Deborah Bell is a leading Johannesburg painter and sculptor whose work is created in dialogue with multiple worlds, texts, histories and consciousnesses. She is also widely known for her collaborative projects with William Kentridge and Robert Hodgins. Bell’s drawings, etchings and monumental clay sculptures possess a kind of ‘mystical godliness’ which comes from deep within her. Her art making is a spiritual practice in which the role of the artist is to ‘co-create the world, to materialise what exists and has existed for all time’. Inspired by museum objects from ancient civilisations, including African, Babylonian and Egyptian, her work incorporates multi-layered references to past and present worlds. This connection to ancient sources and memories is linked to her spiritual beliefs and how she defines herself as an artist in Africa, working with materials such as clay and bronze.
This book is the first overview of Bell’s body of work and includes a variety of authors and different forms of writing. Together, these voices provide the reader with a multi-perspectival view into the many contexts in which Bell’s work can be viewed, thought about and read. The artist’s voice is strongly present in her writings from her personal notebooks. In the section on her collaborations with William Kentridge and Robert Hodgins, all three artists reflect independently on the nature of Bell¹s contribution to the various printmaking and film/video projects. A conversation on her Unearthed sculptures with Achille Mbembe,renowned social theorist from Wits Institute of Social and Economic Research, opens up important debates around histories, geographies and artistic appropriation.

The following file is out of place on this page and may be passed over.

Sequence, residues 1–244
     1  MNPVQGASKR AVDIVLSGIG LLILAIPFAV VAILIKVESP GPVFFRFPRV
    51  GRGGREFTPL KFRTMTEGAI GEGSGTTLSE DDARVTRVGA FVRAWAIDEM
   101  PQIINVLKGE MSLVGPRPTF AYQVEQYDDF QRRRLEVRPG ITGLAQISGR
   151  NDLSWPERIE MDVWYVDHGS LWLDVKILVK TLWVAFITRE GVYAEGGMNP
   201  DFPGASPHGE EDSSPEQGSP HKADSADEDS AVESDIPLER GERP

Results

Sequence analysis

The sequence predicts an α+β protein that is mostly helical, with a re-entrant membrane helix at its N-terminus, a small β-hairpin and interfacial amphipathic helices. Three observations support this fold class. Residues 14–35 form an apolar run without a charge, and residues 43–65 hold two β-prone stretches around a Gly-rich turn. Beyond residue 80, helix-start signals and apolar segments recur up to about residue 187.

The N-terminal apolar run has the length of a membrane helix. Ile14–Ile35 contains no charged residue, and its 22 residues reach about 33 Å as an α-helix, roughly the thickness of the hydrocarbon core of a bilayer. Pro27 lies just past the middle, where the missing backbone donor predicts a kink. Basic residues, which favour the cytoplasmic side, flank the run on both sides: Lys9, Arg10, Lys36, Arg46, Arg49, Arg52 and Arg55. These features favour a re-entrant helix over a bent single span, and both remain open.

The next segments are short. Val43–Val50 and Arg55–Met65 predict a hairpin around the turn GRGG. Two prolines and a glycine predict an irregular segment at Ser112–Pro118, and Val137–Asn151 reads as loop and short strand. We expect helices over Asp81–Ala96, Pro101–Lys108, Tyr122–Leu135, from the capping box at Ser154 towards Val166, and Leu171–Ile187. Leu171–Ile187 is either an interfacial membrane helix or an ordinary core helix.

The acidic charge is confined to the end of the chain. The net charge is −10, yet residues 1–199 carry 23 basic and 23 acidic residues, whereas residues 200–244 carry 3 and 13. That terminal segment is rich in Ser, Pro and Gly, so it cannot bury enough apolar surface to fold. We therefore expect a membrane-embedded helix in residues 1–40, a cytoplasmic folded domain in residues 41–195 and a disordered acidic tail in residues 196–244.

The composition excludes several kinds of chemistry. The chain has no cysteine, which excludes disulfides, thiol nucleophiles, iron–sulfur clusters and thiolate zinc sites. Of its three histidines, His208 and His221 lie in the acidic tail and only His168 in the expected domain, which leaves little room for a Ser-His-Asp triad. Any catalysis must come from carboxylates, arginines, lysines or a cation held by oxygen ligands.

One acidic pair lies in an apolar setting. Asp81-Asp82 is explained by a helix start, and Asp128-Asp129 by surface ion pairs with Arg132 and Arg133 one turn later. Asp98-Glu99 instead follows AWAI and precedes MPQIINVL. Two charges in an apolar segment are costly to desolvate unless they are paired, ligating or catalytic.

Pippa Stein, author and compiler of this book, was a writer and teacher in the School of Literature and Language Studies at the University of the Witwatersrand, Johannesburg. She published widely in the area of culture, literacies and education. She passed away in 2008 and will be sorely missed by those who knew her.